Zappos CEO: Company culture is higher priority than customer service

Customer service is incredibly important to any business, especially online retailers. But Zappos.com's CEO argues that there's actually a higher priority that business should keep in mind.
Written by Rachel King, Contributor

SAN FRANCISCO -- Our top priority is not customer service but rather company culture, said Zappos CEO Tony Hsieh during the afternoon keynote at BoxWorks 2011 on Wednesday afternoon.

If we're serious about building our brand, Hsieh argued, then "customer service shouldn't be just a department. It should be the entire company." He posited that if they get the culture right, everything else will file into place.

So far, it would look like Zappos.com has the right idea. Although it was acquired in 2009 by Amazon, the online retailer retains relative autonomy and the right to run itself the same way as it did before. Hsieh admitted that the most interaction he has with Amazon is really just a two-hour meeting in Seattle every quarter.

Hsieh's belief in a strong company culture stems back to the days when he co-founded and ran online advertising business LinkExchange before it was sold to $265 million in 1998.

However, Hsieh said that the real reason that he sold the company was that it wasn't a fun place to work anymore. Starting off with a group of 10, the whole strategy of hiring friends worked really well for Hsieh and company until they had more than 20 people. 

"The problem basically was that we ran out of friends.," Hsieh said. "We didn't know any better to pay attention to the company culture."

Hsieh said by the time the company had about 100 employees, he dreaded getting out of bed to go to his own company, which made him question how his employees must feel. Thus, the company was sold, Hsieh moved on and so did many of the original employees.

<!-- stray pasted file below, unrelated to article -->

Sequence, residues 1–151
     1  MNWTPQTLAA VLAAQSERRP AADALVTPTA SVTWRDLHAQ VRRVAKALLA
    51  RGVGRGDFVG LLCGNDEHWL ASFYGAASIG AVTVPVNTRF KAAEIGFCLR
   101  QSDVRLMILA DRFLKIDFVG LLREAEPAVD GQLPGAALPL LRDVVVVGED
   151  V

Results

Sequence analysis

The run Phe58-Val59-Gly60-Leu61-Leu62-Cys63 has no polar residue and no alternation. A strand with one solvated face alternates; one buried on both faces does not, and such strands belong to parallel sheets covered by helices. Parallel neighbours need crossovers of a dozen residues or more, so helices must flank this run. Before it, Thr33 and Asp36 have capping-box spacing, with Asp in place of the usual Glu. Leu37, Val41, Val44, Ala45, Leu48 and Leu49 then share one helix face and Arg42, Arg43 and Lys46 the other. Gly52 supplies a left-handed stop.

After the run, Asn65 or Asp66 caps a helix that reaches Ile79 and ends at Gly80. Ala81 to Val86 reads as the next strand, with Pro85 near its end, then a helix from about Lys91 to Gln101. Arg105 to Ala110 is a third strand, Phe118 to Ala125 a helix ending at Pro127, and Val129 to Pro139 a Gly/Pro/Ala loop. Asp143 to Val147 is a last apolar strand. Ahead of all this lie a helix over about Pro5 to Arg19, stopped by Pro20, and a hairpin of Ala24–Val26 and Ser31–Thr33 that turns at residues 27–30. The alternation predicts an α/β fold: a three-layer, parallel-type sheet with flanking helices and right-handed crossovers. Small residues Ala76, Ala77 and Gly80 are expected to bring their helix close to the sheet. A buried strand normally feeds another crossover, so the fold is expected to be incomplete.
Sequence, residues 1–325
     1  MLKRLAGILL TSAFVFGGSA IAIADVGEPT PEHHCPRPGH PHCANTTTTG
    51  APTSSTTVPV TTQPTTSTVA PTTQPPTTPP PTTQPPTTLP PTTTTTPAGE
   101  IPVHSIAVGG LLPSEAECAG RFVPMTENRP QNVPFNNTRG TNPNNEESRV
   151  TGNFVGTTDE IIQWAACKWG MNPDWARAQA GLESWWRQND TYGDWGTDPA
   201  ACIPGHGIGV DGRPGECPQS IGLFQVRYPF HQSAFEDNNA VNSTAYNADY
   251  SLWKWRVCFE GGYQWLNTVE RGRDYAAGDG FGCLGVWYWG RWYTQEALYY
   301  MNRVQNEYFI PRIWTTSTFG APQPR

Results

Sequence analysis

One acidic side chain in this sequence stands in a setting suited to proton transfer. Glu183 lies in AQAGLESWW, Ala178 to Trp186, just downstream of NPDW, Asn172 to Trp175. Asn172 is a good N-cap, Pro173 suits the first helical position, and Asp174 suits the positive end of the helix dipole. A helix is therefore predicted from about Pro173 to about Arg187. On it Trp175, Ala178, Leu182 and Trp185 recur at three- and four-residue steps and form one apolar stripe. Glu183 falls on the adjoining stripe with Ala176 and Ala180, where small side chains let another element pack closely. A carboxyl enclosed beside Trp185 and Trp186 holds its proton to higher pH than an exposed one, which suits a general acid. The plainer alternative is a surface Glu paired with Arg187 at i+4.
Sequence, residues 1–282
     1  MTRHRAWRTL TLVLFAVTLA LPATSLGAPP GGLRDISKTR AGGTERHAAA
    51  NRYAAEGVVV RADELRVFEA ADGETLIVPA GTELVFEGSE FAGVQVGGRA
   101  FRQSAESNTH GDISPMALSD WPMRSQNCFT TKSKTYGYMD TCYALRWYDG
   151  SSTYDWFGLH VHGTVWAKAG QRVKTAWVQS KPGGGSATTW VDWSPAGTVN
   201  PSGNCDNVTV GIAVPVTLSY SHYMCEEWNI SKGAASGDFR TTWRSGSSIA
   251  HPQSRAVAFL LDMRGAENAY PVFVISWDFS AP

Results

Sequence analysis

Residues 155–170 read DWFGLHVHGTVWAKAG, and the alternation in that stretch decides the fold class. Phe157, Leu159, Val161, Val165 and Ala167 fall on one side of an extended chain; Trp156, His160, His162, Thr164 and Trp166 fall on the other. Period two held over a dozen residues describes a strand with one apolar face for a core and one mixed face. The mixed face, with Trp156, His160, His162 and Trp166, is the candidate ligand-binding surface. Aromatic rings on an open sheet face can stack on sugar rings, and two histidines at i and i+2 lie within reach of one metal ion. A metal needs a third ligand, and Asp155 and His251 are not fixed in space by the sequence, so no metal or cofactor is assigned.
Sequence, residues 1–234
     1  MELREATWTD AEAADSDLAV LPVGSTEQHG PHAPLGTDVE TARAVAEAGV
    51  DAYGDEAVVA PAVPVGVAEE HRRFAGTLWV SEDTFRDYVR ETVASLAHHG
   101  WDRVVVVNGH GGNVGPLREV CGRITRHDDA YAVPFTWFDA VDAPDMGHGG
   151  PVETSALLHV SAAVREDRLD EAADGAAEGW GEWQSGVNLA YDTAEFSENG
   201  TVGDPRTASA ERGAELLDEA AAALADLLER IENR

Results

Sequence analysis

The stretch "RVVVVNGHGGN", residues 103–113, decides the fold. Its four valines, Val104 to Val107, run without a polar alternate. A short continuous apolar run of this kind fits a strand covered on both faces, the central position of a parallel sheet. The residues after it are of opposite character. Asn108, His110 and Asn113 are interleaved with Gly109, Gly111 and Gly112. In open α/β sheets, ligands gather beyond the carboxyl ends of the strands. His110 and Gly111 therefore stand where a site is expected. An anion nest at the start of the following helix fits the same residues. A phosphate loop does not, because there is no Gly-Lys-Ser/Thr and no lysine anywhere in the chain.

In 1999, Hsieh formed investment fund VentureFrogs, which invested in Zappos.com, Inc. Hsieh got involved there and instilled the company culture ethic that Zappos holds dear now.

But going back to customer service, Hsieh insisted that it's not possible without a solid company full of employees who actually enjoy working there and believe in the brand wholeheartedly.

The job application process at Zappos is no joke either. Everyone hired has to go through two interviews, and there's really more stress put on being able to fit into the culture just as much as performance. In fact, if you treat the bus driver poorly on the shuttle ride from the airport, Zappos won't hire you.

"Everyone hired into our headquarters goes through the exact same training as our call center reps," Hsieh said.

Zappos' commitment to transparency is strong as well. For example, Zappos has quarterly all-hands meetings in which employees (and customers) can ask anything they like, whether it be about earnings or what brands that Zappos will be selling next. Even when reporters come to visit, they can speak to anyone they like even though employees have not had media or PR training.

"Every employee is automatically living the brand," Hsieh said.

Nevertheless, that doesn't mean customer service is not important. In fact, it's probably the second highest priority at the Las Vegas-based company. For example, Hsieh said that Zappos takes most of its money and plugs into customer service and improving the overall customer experience, which lets customers do the marketing for Zappos via word-of-mouth.

Hsieh said that the constant question that Zappos is always aiming to answer is "How do we 'wow' our customers?" Some of the perks include free shipping both ways, a 365-day return policy, and script-less customer service agents who actually listen to customers and don't just blabber corporate mumbo jumbo.

So far, it would seem that customers are pleased.

"Customers have asked if we can start an airline, run the IRS," Hsieh joked to much laughter from the audience, "We're not going to do any of those things this year."


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